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FCC Allows Cable Program Access Rules To Expire, ACA Responds

By | Friday October 5, 2012 @ 3:03pm PDT

Cable companies are no longer required to sell the cable channels they own to competitors, such as satellite broadcasters, following a decision today by the Federal Communications Commission that allowed program access rules to expire. Until now, cable companies have been required to sell the must-have channels to competitors on reasonable terms. Now, competitors will have to file individual complaints if they feel a cable operator is unfairly denying access. DirecTV, Dish Network, AT&T and Verizon Communications are among those who had urged the FCC to extend the rule, the Wall Street Journal reports. Google agreed, arguing that large cable companies have an incentive to block access to regional sports channels to stifle competition. Comcast, Time Warner Cable and other large cable operators disagreed, saying the rules had become obsolete now that the pay-TV market had become more competitive. American Cable Association President and CEO Matthew M. Polka issued the following statement in response to the decision.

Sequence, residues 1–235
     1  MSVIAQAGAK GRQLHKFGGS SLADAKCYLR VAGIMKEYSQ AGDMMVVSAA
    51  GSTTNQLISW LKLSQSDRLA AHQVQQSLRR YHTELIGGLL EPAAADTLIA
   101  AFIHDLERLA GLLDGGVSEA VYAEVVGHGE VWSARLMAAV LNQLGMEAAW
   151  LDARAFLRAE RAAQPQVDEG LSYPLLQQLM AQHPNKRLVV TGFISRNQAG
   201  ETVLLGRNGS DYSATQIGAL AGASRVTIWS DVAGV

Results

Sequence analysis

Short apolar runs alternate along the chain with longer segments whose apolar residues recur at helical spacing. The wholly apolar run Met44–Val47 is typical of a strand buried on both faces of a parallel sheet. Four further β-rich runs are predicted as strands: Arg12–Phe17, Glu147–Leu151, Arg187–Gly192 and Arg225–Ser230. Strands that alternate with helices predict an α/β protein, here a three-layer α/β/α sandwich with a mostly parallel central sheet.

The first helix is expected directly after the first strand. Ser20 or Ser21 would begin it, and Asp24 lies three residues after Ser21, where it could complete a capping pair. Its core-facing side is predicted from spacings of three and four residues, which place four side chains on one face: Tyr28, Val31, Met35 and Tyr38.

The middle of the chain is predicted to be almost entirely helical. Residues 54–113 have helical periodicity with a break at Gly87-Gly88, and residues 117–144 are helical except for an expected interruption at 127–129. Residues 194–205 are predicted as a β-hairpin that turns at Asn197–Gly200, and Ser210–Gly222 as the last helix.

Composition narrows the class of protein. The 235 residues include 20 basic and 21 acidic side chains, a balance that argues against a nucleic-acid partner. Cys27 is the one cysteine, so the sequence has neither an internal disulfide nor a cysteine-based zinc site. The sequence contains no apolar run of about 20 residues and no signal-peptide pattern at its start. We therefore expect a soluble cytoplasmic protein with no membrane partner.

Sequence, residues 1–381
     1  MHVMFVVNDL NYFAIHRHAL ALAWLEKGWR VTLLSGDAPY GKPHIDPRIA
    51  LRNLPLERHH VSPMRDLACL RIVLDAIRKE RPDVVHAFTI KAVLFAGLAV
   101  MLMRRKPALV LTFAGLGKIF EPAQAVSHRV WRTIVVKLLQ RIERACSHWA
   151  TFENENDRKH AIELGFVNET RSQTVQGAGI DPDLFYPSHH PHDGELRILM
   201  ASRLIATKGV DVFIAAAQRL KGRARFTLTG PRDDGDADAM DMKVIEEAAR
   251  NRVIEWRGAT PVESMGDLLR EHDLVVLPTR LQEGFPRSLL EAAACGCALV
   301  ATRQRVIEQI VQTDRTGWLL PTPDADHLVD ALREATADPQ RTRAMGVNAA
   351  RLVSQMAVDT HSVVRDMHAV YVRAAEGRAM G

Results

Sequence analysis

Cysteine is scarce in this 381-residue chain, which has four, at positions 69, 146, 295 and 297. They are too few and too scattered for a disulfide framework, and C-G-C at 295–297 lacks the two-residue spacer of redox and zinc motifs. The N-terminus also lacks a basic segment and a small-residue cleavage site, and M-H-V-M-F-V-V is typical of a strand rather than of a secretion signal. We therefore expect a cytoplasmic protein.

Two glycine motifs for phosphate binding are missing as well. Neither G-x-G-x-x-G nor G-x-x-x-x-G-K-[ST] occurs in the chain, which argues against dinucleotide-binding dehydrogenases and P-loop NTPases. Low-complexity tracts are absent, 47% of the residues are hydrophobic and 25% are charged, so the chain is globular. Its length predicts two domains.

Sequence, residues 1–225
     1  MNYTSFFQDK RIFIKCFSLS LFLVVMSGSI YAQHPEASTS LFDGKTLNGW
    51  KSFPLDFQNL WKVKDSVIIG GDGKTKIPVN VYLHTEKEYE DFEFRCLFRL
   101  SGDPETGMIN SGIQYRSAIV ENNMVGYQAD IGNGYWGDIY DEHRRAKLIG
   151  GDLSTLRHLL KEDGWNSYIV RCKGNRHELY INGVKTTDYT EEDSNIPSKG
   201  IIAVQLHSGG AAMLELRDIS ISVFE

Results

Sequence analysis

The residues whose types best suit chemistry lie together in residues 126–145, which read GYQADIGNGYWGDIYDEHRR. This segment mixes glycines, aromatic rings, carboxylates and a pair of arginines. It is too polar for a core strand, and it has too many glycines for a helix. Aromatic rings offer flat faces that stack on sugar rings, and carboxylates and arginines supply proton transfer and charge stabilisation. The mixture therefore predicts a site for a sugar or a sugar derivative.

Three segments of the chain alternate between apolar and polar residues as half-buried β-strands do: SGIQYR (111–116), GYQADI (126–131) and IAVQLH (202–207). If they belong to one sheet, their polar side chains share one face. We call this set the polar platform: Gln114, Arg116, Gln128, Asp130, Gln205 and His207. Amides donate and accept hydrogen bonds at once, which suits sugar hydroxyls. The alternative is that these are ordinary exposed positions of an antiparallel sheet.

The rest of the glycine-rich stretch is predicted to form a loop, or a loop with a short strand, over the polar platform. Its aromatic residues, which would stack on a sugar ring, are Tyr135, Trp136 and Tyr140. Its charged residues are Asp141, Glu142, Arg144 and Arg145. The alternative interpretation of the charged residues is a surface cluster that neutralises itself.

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FCC Tries To Control The Volume On Obnoxiously Loud TV Ads

Broadcasters and Pay TV distributors will have to make sure that ads have the same average volume as the shows they accompany according to the rules the FCC adopted today. It will take a year before the regulations that implement a congressional mandate — the 2010 Commercial Advertisement Loudness Mitigation Act (also known as the CALM Act) – take effect. When they do, consumers shouldn’t have to lunge for the remote control to avoid volume spikes for sales pitches. While the order sounds straightforward, the industry had big concerns: Cable and satellite companies warned the FCC that they might not be able to monitor all of the channels they carry. To deal with that, the FCC says the distributors are off the hook if they can get channels to certify that their ads comply with the rules. Large pay TV providers will be subject to spot checks every two years; regulators will investigate smaller operators if there’s a pattern of complaints. In addition, pay TV and broadcast companies urged commissioners to Read More »